Patently Apple posted a patent overview for a desktop version of Android. The Google patent describes the use of a trackpad interface (or touchscreen) that functions as input for a desktop computer. Android was originally developed for use with a touch-screen interface so it is surprising to see a patent for the desktop.
The release of patent information follows the announcement of Ubuntu for Android. Ubuntu for Android is being marketed as a viable option to eliminate the need for multiple company-issued devices. Motorola is promoting a Lapdock for its multi-core 4G Atrix phone, which currently runs Android 2.3 (Gingerbread). The market is clearly responding to consumers’ desire to bridge the gap between phone and primary computer in a seamless interface.
Bandwidth throttling and device tethering continue to be a hot issue in mobile computing. It’s both surprising and expected to see providers encouraging increased usage on non-mobile devices like a desktop computer. In one respect, you’d expect to encounter throttling for ‘overuse’ and in another, bandwidth use flags your account for upsell to a higher-priced plan including access to more bits.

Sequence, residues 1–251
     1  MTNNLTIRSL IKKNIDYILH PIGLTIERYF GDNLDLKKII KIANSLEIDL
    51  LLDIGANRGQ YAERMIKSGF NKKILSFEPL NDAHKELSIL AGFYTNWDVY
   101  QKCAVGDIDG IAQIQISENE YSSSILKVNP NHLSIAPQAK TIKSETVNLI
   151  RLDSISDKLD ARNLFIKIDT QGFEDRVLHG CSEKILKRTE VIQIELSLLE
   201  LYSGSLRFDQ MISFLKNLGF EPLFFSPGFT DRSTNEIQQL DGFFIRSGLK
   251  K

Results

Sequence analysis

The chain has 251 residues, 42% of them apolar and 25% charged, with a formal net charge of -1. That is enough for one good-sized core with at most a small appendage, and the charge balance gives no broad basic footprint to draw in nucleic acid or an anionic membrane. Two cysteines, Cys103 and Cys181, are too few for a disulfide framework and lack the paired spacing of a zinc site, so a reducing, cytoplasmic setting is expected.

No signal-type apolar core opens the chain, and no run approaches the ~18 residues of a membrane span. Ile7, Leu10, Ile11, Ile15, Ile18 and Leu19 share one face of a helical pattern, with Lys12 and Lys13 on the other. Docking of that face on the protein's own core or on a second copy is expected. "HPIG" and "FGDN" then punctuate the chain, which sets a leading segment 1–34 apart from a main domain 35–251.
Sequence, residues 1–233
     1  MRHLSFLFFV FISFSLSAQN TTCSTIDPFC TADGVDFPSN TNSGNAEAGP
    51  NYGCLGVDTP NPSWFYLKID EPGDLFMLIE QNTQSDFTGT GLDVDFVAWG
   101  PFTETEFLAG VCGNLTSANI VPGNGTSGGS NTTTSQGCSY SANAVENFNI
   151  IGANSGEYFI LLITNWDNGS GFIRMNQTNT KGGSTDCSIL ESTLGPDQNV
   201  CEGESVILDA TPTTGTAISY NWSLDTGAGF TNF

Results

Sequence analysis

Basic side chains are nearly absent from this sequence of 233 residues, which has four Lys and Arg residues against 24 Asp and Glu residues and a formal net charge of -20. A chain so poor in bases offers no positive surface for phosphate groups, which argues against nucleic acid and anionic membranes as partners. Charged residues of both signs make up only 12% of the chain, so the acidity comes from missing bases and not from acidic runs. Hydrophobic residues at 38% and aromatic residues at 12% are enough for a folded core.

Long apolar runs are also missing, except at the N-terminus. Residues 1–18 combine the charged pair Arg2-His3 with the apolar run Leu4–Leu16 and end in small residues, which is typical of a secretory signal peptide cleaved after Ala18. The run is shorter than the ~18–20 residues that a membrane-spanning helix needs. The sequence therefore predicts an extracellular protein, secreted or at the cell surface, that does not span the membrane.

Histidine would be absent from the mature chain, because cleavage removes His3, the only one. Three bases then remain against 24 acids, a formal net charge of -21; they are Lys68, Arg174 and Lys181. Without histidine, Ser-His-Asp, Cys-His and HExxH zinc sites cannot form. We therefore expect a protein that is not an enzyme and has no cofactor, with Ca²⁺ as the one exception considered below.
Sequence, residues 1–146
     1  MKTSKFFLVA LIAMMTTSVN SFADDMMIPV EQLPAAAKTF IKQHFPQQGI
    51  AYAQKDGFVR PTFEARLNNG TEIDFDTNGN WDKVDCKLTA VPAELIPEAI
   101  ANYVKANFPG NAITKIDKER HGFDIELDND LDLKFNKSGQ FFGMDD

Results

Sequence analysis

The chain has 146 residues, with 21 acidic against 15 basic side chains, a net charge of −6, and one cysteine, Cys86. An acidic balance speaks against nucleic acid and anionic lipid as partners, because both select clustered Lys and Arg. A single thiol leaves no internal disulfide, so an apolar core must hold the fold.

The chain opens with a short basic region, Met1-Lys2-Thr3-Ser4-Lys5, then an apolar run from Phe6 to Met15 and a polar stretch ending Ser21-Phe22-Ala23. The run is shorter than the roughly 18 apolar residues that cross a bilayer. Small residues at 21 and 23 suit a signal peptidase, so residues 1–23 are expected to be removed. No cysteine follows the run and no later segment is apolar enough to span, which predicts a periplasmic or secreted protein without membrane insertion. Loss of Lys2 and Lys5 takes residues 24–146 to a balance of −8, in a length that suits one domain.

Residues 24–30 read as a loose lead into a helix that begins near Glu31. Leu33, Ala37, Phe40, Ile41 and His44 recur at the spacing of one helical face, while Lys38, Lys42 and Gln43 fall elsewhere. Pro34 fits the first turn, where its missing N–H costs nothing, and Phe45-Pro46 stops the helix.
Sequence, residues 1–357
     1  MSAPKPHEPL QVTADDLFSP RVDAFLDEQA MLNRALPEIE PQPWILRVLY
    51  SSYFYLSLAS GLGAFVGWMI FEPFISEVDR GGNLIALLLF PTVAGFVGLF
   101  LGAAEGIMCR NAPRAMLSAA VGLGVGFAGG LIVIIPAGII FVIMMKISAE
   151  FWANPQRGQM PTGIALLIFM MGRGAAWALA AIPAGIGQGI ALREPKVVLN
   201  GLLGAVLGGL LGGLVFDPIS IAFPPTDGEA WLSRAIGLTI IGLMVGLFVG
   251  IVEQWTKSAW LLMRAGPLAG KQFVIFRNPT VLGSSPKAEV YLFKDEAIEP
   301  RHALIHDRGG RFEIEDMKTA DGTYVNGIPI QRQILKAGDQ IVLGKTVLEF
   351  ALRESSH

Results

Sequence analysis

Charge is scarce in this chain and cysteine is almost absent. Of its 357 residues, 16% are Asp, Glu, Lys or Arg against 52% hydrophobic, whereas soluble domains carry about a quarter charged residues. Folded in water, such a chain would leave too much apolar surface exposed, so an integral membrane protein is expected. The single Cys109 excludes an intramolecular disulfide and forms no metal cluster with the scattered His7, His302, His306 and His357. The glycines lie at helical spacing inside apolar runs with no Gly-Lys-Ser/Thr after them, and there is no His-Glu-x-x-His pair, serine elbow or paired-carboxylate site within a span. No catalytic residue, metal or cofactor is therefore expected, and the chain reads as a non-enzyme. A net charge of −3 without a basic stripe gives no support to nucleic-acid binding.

The Google patent demonstrates a possible, but not necessarily planned, future for Android on the desktop. This isn’t the first attempt to bring Android to an interface larger than the palm of the hand. Multiple apps exist already that are capable, even if partially, of bringing desktop and the Android device a little closer. This cozy relationship will most certainly become more intimate as the technology advances and consumers demand better access across devices.
- Air Droid – Cord-free Desktop to Device Access
- Motorola Lapdock – Portable larger-screen access to Device
- Motorola Webtop – Desktop to Device Access
- Ubuntu for Android – Desktop to Device Access
- LogMeIn Ignition – Device to Desktop Access
- OnLive – Device to Desktop Access (Android support coming soon)
The future of mobile computing involves an unlikely partner, the desktop computer. With the desktop as companion, do we really need bigger screens on our mobile devices?